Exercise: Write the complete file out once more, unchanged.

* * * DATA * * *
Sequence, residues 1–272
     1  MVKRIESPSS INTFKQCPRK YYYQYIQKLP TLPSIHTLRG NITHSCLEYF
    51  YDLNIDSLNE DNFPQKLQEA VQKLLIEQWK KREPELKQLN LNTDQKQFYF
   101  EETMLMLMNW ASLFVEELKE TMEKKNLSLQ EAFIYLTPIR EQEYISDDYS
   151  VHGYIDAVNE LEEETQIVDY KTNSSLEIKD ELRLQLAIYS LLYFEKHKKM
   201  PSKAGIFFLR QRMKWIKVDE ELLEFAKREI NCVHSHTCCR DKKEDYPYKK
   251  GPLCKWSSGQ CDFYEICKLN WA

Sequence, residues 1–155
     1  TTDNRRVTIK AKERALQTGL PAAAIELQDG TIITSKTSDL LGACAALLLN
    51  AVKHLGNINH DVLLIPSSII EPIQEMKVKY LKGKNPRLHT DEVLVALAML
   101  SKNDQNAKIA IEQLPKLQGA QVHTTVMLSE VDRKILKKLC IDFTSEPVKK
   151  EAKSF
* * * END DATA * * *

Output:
Sequence, residues 1–272
     1  MVKRIESPSS INTFKQCPRK YYYQYIQKLP TLPSIHTLRG NITHSCLEYF
    51  YDLNIDSLNE DNFPQKLQEA VQKLLIEQWK KREPELKQLN LNTDQKQFYF
   101  EETMLMLMNW ASLFVEELKE TMEKKNLSLQ EAFIYLTPIR EQEYISDDYS
   151  VHGYIDAVNE LEEETQIVDY KTNSSLEIKD ELRLQLAIYS LLYFEKHKKM
   201  PSKAGIFFLR QRMKWIKVDE ELLEFAKREI NCVHSHTCCR DKKEDYPYKK
   251  GPLCKWSSGQ CDFYEICKLN WA

Sequence, residues 1–155
     1  TTDNRRVTIK AKERALQTGL PAAAIELQDG TIITSKTSDL LGACAALLLN
    51  AVKHLGNINH DVLLIPSSII EPIQEMKVKY LKGKNPRLHT DEVLVALAML
   101  SKNDQNAKIA IEQLPKLQGA QVHTTVMLSE VDRKILKKLC IDFTSEPVKK
   151  EAKSF